China's Animal life

The wildlife in China

The Golden Monkey

Golden monkeys are usually 2-3 feet tall. Their tails are as long if not longer than their bodies. Their diets include sprouts, buds, fruits, and seeds. Some people call the monkeys upturned-nosed monkeys because of the flatness of their nostrils. These monkeys are located in the mountainous trees. The monkeys take care of each other and keep each other safe, just like (some) human families do.

Red Crowned Crane

Red Crowned Cranes live in marshy grasslands. They eat fish, shrimp, and insects. They have a call that tells others to stay away from it's territory. The cranes make nests that last 31 to 32 days. They live there with their mate. They only leave their mate once their mate dies.

Panda

The Panda is a solitary animal meaning they can take care of themselves. They eat 35-55 pounds of bamboo a day. They may seem fat but they are good tree climbers. At first sight most people think of a bear, but some say the panda looks a lot like a raccoon. Pandas are the most well known animal in China. They are lazy most of the time, but can also be playful. Sadly Pandas are extinct, with only about 1,000 of them in the wild.

Chinese Dolphin

Chinese dolphins, also known as pink dolphins, live in Chinese waters of Hong Kong and the Pearl River Delta. Unfortunately, Chinese dolphins are extremely extinct. In 2011 there were only 87 of them in the whole world! There diets include small fish. Only because they swallow their food whole. They are very playful creatures that sometimes leap out of the water for fun. They can swim on their backs and they sometimes seem to smile as if they are having a lot of fun.

Chinese Alligator

These alligators are much smaller than American alligators. The alligators are not harmful to humans unless provoked. They eat fish and birds; and also sometimes rodents. They are about 5 feet in length. Their lifespan is about 50-70 years depending on location. They pretty much have no predators except for humans,but the eggs and younger gators have to look out for large birds and fish.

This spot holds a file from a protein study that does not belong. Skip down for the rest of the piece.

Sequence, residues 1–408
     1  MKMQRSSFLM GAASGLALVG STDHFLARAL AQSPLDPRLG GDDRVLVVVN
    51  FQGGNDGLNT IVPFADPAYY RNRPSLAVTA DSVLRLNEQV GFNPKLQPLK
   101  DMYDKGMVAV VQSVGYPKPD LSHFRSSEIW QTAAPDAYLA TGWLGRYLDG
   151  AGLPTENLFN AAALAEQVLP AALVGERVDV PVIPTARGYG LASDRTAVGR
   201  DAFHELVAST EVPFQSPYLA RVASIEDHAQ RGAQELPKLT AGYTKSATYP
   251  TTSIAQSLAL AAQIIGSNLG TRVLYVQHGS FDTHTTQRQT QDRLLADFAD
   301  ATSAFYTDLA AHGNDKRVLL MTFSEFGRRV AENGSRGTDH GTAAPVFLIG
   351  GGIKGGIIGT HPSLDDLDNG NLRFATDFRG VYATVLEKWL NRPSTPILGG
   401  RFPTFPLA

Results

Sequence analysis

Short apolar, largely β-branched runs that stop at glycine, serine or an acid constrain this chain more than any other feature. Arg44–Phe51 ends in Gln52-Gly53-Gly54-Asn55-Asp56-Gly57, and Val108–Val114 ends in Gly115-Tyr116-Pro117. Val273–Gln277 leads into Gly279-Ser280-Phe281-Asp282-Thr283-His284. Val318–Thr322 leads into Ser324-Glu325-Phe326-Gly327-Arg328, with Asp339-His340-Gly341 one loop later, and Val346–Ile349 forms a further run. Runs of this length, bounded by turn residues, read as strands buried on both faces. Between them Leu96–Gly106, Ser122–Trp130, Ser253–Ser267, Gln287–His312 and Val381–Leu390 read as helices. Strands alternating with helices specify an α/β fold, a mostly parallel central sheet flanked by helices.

Chinese Water Deer

These deer don't have antlers. Instead they have huge saber-tooth like teeth that come out of its mouth. with those big teeth you might expect them to eat animals like birds and rabbits, but they are actually herbivores. They breed between November to February. Newborns are shy and scared at birth.

Praying Mantis

First off, females eat male Mantises sometimes. Praying Mantises silently wait for their prey to show themselves. They hide in leaves and on trees, blending in with their surroundings. To get away from predators, sometimes pinch them. There are oven 2,400 species of praying mantises. And they are no where near extinct.

Brown Eared Pheasant

These birds can not fly well but can glide a great distance. They will fight if you mess with their territory. They build nests in hollow ground, or in bushes. They are endangered, sadly. Most say that this bird is the most extraordinary looking bird they have ever seen.

Crested Ibis

This bird is one of the rarest birds in the world. They eat fish, frogs, crabs and insects. The number of Iris is increasing. There are about 60 in all. And most are in captivity. There are people wanting to free the captive so they can breed naturally. Since there is such a small amount of them, not much information has been recorded.

NOW, WHAT YOU HAVE ALL BEEN WAITING FOR!...

Stag Beetle!!

Stag Beetles eat rotting wood.They use their claw teeth to fight other male beetles for territory and food. Female beetles are not very active. They rarely show themselves. The average Stag Beetle is about 10-15 cm in length. There are about 12,000 beetle species in the family of the Stag Beetle.

Citations

FACTS: onekind.org/education/animals_az_panda_giant/

chinatravel.com/facts/golden-monkey.htm

dolphins-world.com/chinese-white-dolphin/

theanimalfiles.com/reptiles/crocodiles/alligators/chinesealligator.html

animals.mom.me/indigenous-water-animals-china-9507.html

britannica.com/animal/Chinese-water-deer

bbc.co.uk/nature/life/Insect/by/places/china

ifce.org/endangered.html


PICTURES: onekind.org/education/animals_az_panda_giant/

chinatravel.com/facts/glden-monkey.htm

zoo.org/page/aspx?pid=1858#Yp-10JorK1s

thegef.org

dolphins-world.com/chinese-white-dolphin/

theanimalfiles.com/reptiles/crocoodiles/alligators/chinesealligator.html

britannica.com/animals/Chinese-water-deer

bbc.co.uk/nature/life/Insects/by/places/china

ifce.org/endangered.html